Tuesday 2nd July 2019
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Heartland Bank expects to see a more competitive landscape if the Reserve Bank goes ahead with plans restricting the big four Australian-owned banks' use of internal models to calculate how much capital they need to hold.
The minnow lender, which operates with the fattest margins among licensed banks, also expects the increased capital requirements from a higher buffer will reduce the advantage the Australian-owned lenders - ANZ Bank New Zealand, Bank of New Zealand, ASB Bank and Westpac New Zealand - have over their smaller rivals.
"An observation has also been made in the context of the proposal that, if the burden of increased capital requirements was to materially flow through to lending and/or deposit rates, it could be indicative of insufficient competition in the market," Heartland chair Bruce Irvine said in a submission on the Reserve Bank's proposals.
"In Heartland’s view, both of the Reserve Bank’s above-mentioned initiatives help to mitigate the competitive advantage that the larger banks have in New Zealand, which is ultimately good for the financial system and New Zealand as a whole."
Heartland wants the central bank to undertake a cost-benefit analysis, saying it's important that the playing field isn't raised too high.
The Reserve Bank yesterday released almost all of the 161 written submissions on proposals requiring lenders to hold more high-quality capital to mitigate the impact of a severe financial crisis. The central bank wants to set a tier 1 capital requirement equal to 16 percent of a lender's risk-weighted assets for the big four and 15 percent for all other lenders. The current requirement is for a 6 percent minimum plus a 2.5 percent buffer, although the banks' current equity is around 12 percent.
Heartland said it doesn't agree with the Reserve Bank's view on tier 2 capital that it's a 'gone concern', saying it's much cheaper than tier 1 capital and provides more options when raising capital.
It said it would like to see tier 2 capital able to contribute up to 2 percentage points of the 15/16 percent requirement proposal.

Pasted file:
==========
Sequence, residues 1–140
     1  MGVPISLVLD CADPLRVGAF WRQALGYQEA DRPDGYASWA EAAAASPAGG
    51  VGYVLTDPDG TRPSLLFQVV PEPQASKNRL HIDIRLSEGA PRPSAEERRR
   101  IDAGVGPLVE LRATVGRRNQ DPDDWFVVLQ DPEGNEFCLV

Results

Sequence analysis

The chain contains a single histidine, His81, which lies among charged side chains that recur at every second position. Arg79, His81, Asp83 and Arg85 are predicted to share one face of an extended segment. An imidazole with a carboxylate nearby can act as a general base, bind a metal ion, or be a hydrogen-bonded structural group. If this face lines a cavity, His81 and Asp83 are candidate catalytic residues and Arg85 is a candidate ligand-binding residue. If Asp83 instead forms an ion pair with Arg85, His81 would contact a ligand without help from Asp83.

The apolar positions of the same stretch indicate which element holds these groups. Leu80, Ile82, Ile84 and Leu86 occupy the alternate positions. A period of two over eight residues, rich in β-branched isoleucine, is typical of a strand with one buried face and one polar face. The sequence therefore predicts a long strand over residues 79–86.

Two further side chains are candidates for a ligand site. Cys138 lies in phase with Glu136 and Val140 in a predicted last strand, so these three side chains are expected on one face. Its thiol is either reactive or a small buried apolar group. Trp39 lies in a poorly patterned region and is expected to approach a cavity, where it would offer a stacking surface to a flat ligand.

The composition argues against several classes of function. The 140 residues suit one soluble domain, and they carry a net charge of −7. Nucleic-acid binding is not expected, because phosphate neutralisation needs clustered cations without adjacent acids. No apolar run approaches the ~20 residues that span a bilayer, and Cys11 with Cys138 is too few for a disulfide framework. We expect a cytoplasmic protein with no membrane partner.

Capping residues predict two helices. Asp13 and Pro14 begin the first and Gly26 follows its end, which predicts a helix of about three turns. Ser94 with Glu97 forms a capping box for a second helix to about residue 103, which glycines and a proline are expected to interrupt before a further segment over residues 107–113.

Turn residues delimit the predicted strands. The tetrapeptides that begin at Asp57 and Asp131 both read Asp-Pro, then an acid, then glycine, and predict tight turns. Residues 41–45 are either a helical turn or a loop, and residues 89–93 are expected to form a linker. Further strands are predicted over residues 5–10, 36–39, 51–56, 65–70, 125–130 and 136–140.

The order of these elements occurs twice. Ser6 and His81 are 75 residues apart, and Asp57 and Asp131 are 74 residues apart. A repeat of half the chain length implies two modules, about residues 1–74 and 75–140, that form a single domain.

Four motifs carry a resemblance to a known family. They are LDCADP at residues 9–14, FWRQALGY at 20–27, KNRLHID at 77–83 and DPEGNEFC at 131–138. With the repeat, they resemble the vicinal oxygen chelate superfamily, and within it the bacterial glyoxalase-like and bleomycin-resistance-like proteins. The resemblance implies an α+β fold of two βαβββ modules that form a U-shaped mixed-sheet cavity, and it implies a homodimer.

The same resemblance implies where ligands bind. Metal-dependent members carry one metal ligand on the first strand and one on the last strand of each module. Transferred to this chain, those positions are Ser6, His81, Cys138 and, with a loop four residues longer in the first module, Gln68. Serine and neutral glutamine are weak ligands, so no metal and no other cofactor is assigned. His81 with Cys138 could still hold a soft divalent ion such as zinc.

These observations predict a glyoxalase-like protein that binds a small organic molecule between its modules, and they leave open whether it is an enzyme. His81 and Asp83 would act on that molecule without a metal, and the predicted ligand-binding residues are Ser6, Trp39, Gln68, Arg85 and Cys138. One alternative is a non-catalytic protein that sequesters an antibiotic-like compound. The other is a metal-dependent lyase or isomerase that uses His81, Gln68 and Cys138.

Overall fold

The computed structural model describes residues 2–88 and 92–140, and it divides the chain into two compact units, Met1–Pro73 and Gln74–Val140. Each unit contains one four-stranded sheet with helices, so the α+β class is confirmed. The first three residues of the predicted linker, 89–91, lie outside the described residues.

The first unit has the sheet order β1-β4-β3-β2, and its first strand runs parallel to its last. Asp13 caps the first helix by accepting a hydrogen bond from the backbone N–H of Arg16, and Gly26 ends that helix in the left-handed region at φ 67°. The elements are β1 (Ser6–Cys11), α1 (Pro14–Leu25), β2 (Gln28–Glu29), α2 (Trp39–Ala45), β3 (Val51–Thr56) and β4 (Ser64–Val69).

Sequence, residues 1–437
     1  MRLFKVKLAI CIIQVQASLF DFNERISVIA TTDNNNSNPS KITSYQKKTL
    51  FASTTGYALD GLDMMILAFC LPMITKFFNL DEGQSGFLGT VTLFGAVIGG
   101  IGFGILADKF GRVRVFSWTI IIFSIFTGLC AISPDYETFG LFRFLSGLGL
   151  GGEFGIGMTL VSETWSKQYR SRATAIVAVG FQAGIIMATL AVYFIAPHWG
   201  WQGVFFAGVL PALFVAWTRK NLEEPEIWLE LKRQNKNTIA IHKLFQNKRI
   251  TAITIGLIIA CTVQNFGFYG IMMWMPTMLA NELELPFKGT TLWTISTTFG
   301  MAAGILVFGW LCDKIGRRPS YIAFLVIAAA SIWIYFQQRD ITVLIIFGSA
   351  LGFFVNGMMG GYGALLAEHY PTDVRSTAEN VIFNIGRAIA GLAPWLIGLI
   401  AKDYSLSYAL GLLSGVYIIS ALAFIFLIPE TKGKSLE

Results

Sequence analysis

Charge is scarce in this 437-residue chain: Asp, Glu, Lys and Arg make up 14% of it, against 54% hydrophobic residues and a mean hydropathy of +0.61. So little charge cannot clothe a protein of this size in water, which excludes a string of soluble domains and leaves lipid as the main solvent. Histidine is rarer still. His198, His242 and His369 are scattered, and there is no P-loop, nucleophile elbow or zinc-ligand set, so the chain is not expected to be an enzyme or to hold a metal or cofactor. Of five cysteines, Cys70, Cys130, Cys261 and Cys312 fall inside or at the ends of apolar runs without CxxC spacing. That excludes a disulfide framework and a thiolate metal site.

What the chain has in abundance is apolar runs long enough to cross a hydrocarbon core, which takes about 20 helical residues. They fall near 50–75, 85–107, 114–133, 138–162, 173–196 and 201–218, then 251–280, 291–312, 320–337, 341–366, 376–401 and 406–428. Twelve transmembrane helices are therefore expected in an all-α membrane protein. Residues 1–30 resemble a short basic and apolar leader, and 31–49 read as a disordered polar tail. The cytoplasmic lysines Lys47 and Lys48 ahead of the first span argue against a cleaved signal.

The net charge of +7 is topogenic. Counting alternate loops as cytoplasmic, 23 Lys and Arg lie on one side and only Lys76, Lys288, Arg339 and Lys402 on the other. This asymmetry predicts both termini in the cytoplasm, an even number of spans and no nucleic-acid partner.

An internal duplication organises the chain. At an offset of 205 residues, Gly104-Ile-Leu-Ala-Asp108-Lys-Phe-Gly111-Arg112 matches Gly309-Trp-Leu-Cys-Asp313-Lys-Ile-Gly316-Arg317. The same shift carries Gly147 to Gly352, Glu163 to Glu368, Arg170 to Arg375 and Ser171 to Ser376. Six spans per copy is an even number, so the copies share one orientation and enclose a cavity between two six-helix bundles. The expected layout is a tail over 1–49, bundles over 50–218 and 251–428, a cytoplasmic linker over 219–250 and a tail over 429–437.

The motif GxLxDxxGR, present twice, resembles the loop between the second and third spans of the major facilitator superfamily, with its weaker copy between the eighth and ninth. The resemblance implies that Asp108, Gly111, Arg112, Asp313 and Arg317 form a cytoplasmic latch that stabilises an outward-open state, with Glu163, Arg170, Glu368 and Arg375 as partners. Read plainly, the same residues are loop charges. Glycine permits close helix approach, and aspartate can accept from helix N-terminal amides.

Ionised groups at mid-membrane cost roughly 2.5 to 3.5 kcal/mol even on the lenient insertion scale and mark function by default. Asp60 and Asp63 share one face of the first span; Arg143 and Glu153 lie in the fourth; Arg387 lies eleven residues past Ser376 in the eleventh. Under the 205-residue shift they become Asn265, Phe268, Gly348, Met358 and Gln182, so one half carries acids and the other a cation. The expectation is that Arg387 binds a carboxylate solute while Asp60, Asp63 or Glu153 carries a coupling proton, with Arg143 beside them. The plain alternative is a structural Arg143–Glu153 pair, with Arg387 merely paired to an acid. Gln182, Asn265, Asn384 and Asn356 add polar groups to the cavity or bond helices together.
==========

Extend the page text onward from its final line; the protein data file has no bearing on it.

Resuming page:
The bank's NZX-listed parent, Heartland Group Holdings, carved out its Australian reverse mortgage operations into a separate unit to access wholesale funding across the Tasman without the constraints of central bank prudential rules.
The parent today said it completed a A$250 million committed reverse mortgage funding facility, taking its Australian funding to A$850 million.
Kiwibank differed from Heartland Bank, saying the proposed changes would still keep New Zealand banks at a regulatory disadvantage to the big four. It said local lenders would find it hard to issue hybrid capital in the way proposed, and said the Reserve Bank could allow more market-friendly instruments without compromising its desire for high quality capital tools.
The state-owned bank said it has a significant investment profile over the next three-to-five years, which coincides with the transition phase for the proposed capital changes.
"On the current outlook the short to medium term returns to shareholders appear low and below any reasonable estimation of the cost of capital. Kiwibank’s shareholders have many opportunities to invest their capital and overriding investment mandates to pursue them," it said.
"This creates a substantial risk for Kiwibank that its shareholders may be unwilling to contribute further capital due to a regulatory environment more favourable to Australian banks than New Zealand-owned ones. "
Kiwibank said if its shareholders - New Zealand Post, ACC, and the NZ Superannuation Fund - find they can't support further investment then the lender will need to decide on whether to ration its credit or change pricing "that would be detrimental to our ability to serve New Zealanders and would weaken competition."
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